Pre-crisis credit booms—in many cases funded from abroad—generally ended in credit and output busts. A country that had double the average level of cross-border claims (of about 7 percent of GDP) according to Bank for International Settlements (BIS) reporting experienced an additional 1¼ percentage points in output reduction. Credit busts were also associated with sharp increases in money market rates, which are a symptom of a credit crunch. The impact of global deleveraging on credit growth in emerging market economies was particularly pronounced in emerging Europe, where cross-border lending had been growing sharply before the crisis. Emerging market economies whose banking systems were primarily funded by domestic deposits were better able to sustain credit growth and support activity through the crisis.

Notwithstanding global deleveraging, credit busts in emerging market economies have been less damaging than during past crises. The change in the growth rate of private credit was more pronounced for countries with high pre-crisis vulnerabilities. Nevertheless, through the fourth quarter of 2009, these countries had not experienced sharply negative credit growth as in past crises. This was despite the fact that pre-crisis credit booms had been more pronounced this time around than in past crises. The seemingly benign outcome may reflect the lack of currency and banking crises and the support provided by the international community. In fact, this is also reflected in bank lending behavior in this crisis. The exposure of BIS banks in emerging Europe remained flat, a stark difference from the steep fall during the past crises.

Emerging market economies’ heterogeneous experience during the crisis underscores the importance of economic fundamentals and global linkages. Controlling for factors beyond their control, emerging market economies with smaller initial vulnerabilities went into recession later, exited earlier, and suffered considerably smaller declines in output during the first stage of the crisis. Emerging market economies with stronger external linkages—higher dependence on demand from advanced economies or larger exposure to foreign bank claims—experienced sharper falls in output during the crisis. The analysis also indicates that countries that experienced pre-crisis credit booms had sharper output declines during the crisis, although to a lesser extent than during previous crisis episodes. Such credit booms were typically foreign-financed and more pronounced for countries with fixed exchange rate regimes.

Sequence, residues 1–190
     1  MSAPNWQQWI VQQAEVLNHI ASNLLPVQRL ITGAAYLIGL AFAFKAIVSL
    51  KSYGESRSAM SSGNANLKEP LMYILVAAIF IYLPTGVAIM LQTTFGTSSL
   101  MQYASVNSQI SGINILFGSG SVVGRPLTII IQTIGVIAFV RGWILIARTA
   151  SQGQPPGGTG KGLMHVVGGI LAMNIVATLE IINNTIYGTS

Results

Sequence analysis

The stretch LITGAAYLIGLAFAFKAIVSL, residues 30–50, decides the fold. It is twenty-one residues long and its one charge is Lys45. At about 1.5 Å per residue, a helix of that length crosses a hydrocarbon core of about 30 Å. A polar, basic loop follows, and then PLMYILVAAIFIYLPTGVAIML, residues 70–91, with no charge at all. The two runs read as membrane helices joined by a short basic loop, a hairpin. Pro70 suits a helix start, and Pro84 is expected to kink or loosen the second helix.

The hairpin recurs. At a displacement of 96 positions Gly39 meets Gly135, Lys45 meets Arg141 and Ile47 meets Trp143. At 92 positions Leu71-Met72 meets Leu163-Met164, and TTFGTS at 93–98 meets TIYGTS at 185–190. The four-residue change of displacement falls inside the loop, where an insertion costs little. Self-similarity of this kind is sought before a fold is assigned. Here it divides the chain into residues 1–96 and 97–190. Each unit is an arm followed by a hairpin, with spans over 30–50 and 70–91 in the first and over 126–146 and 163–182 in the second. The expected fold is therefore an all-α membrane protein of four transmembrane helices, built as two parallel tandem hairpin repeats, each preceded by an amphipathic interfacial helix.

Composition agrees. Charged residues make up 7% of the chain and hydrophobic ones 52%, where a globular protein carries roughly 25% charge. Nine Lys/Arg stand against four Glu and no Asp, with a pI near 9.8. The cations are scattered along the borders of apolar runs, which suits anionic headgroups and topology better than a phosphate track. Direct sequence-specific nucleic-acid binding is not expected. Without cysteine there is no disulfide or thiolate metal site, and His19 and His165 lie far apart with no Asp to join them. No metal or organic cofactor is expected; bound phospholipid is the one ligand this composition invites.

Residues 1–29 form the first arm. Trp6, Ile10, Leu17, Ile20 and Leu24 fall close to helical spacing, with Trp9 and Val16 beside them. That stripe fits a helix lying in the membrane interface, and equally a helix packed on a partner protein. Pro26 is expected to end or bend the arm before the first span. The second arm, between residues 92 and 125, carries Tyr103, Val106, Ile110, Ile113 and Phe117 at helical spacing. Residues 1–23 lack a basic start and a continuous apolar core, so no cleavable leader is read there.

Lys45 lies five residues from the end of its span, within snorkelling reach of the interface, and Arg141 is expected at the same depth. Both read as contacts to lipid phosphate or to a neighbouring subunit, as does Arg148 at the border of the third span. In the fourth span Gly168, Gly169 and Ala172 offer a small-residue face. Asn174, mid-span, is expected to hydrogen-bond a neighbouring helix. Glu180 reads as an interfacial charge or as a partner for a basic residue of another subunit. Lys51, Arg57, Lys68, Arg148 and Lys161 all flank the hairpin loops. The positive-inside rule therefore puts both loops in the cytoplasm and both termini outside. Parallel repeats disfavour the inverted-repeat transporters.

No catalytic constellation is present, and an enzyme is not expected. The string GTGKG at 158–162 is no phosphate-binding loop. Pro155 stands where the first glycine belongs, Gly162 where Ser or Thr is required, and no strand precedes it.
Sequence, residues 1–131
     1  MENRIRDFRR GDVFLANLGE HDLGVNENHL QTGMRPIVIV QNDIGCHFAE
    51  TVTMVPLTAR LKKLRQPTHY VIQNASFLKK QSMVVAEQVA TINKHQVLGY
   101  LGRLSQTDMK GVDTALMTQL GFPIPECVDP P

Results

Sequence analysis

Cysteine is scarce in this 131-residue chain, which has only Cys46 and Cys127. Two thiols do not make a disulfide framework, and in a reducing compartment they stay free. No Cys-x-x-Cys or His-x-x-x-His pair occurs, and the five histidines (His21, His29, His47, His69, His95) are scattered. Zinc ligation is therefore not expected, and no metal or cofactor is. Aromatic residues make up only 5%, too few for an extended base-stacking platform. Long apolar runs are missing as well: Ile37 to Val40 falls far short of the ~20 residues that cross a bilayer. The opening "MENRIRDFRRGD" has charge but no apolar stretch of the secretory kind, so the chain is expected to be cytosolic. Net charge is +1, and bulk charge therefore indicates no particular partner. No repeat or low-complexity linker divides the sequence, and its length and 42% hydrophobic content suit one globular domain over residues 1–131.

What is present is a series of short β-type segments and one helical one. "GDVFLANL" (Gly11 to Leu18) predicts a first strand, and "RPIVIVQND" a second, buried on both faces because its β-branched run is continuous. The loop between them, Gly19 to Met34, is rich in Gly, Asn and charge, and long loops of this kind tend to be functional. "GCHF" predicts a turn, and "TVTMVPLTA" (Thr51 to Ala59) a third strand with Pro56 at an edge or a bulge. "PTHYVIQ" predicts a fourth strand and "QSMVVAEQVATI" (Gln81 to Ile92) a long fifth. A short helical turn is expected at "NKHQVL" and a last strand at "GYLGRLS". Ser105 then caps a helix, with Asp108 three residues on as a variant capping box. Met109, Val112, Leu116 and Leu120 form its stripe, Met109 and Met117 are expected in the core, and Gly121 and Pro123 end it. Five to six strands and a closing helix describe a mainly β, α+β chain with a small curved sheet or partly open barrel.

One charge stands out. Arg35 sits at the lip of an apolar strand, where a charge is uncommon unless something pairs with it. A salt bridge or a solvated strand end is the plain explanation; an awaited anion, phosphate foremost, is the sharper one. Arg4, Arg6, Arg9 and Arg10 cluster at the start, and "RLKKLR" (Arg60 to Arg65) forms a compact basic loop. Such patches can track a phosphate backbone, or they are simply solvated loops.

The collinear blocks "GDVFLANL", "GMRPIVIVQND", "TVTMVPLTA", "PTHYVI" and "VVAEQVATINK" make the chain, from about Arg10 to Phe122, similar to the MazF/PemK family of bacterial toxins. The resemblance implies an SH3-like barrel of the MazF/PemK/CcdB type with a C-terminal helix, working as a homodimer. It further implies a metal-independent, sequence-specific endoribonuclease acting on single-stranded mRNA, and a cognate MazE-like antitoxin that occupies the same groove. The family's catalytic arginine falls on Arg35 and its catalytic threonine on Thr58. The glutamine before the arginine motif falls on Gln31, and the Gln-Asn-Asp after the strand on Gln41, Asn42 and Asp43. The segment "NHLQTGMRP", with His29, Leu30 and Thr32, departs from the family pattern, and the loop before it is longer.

Up to a limit, reserves helped dampen the impact of the crisis on emerging market economies. Higher levels of pre-crisis reserve cover were associated with less deterioration in both sovereign spreads and output during the crisis. However, this effect was subject to diminishing returns: emerging market economies enjoyed little additional benefit for having reserves in excess of the sum of short-term debt and the current account deficit.

References

  • Blanchard, Olivier, Hamid Faruqee, and Mitali Das, 2010, “The Initial Impact of the Crisis on Emerging Market Countries,Brookings Papers on Economic Activity (Washington: Brookings Institution).

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  • Freund, Caroline L., 2009, “The Trade Response to Global Downturns: Historical Evidence,Policy Research Working Paper Series No. 5015 (Washington: World Bank).

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  • International Monetary Fund, 2010, “How Did Emerging Markets Cope in the Crisis?IMF Policy Paper (June 15). Available via the Internet: http://www.imf.org/external/pp/longres.aspx?id=4459.)

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  • Llaudes, Ricardo, Ferhan Salman, and Mali Chivakul, 2010, “The Impact of the Great Recession on Emerging MarketsIMF Working Paper No. 10/237 (Washington: International Monetary Fund).

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IMF Research Bulletin, June 2011
Author: International Monetary Fund. Research Dept.